IMG_2165[1] - I iz handsom -

So the story starts when we had a run in with some animal activists. I will try to keep it short, but the government has a kangaroo cull running in the hills behind our paddocks. It’s necessary, but some people don’t really agree. So in order to try and ‘discourage’ the culling, someone/s decided to open the gates and let our herd of thirteen horses loose.

Yes, you heard right.  They decided that letting the horses out into the paddocks was the best way to stop people from shooting.

Never mind the fact that even if the horses had decided that the safest thing to do was to run towards to the loud scary noises in the dark, (ha!) I sincerely doubt it would actually stop the work of the culling.

To add to that, the gates towards the road where open. So really all they had to do was go down the wrong way and they’d be out on the roads. At night. No street lights. In a 80 kilometre (50 miles) an hour zone.


Want to know what happens when you hit an 800 kilo animal at 80 kms an hour? Yeah... People die. So do horses.  And I thought you were animal activists because you cared about animals.

There are no words.

But the results are that thankfully the whole herd came back, though they were panicked, scared, and more than a little freaked out.

Copper was sore, and strained in his hindquarters/loin area. He has been ever since, though he’s slowly getting better.

IMG_2167[1] - I eatz rug monstaz! Rwah! -

Then last Monday, we had a run in with the horrid rug monster of doomed!

It wasn’t good. One of the horses, a Thoroughbred called M, has string halt, and he’s gotten tangled up in one of his rugs before, but unfortunately the same thing happened again.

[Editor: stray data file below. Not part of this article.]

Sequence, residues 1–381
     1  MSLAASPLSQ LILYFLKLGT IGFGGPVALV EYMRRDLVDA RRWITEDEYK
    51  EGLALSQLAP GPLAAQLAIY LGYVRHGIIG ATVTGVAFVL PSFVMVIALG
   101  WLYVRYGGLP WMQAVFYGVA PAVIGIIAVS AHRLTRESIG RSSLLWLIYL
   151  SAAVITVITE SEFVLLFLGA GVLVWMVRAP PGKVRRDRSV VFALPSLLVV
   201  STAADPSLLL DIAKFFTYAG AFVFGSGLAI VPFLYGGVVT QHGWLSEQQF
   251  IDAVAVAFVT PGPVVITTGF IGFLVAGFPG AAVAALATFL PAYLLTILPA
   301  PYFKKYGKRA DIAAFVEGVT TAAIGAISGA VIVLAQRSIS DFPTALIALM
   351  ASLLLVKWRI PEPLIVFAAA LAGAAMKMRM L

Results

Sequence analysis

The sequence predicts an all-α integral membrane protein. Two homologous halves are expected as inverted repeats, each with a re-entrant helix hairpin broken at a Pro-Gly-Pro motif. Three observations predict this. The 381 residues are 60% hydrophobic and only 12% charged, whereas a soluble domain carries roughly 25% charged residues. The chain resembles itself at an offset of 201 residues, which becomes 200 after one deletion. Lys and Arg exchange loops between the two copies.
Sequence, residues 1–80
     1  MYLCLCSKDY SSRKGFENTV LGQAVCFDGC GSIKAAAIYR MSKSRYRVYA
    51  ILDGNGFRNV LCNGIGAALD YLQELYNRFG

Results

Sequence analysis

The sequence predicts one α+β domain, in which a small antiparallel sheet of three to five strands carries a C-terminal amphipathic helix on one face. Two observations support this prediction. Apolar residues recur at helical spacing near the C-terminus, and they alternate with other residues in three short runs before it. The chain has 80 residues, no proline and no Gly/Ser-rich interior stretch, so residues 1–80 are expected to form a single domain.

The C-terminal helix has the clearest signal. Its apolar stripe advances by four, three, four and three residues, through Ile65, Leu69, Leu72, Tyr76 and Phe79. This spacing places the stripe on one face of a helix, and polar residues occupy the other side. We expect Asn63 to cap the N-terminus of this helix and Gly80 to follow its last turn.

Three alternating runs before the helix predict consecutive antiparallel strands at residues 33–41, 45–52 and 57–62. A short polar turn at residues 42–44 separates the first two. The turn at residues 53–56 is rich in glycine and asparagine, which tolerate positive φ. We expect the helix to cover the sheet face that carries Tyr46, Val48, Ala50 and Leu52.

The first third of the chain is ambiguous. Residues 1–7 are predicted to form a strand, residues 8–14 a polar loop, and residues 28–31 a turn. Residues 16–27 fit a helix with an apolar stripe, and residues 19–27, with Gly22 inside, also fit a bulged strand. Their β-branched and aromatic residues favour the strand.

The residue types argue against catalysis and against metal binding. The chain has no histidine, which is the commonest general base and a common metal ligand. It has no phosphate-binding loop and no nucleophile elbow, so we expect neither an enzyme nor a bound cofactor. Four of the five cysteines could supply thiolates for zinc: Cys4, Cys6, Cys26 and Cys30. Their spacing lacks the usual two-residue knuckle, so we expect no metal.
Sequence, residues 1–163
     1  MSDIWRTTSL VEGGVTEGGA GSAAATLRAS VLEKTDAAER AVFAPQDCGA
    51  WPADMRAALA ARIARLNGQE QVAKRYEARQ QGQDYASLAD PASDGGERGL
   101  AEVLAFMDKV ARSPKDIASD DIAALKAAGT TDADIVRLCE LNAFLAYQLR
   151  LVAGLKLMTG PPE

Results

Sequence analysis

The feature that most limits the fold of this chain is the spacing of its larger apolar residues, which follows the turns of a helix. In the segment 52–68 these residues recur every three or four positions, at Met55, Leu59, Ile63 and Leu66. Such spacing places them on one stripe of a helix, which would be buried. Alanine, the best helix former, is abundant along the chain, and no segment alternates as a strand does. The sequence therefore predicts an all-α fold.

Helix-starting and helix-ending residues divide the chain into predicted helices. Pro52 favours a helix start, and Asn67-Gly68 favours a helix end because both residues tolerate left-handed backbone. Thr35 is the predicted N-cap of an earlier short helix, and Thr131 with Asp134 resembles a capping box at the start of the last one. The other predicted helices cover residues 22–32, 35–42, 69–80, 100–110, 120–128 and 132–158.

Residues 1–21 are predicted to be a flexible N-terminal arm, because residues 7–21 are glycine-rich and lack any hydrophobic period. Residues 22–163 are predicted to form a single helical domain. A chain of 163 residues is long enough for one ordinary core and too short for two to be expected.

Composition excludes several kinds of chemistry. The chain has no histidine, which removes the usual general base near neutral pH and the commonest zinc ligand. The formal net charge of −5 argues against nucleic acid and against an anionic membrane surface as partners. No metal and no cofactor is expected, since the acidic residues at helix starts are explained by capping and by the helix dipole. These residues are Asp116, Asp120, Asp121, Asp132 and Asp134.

He flipped out. He was bucking and kicking, and basically running along on his front legs, with his back legs in the air because he couldn’t move them fast enough to keep up with the front end.

All of this started just as I was walking Copper down the lane right next to the paddock. Of course, he just about lost it himself. He stood staring and snorting, and almost kept it together, but that other horse just wouldn’t stand still, so Copper freaked too.  He spun sideways, and it would have been fine except my saddle slipped big time.

I ended up hanging on his right side as the saddle had come completely off his back and all I could think was “GET OFF NOW!”. I kicked my foot out of the left stirrup easily enough, but for one heart stopping moment I doubted that I’d get my right foot free at all. All my weight was pressing into the stirrup, making it hard to kick off.

Somehow I did get it free and I immediately pushed off Copper’s side to the ground. He didn’t realise what I was doing so he tried to take off, but I had a firm grip on the reins, so he spun around me instead.

I walked him back up the laneway as fast as I could; I had to get his gear off and help that horse who was still loosing it the paddock.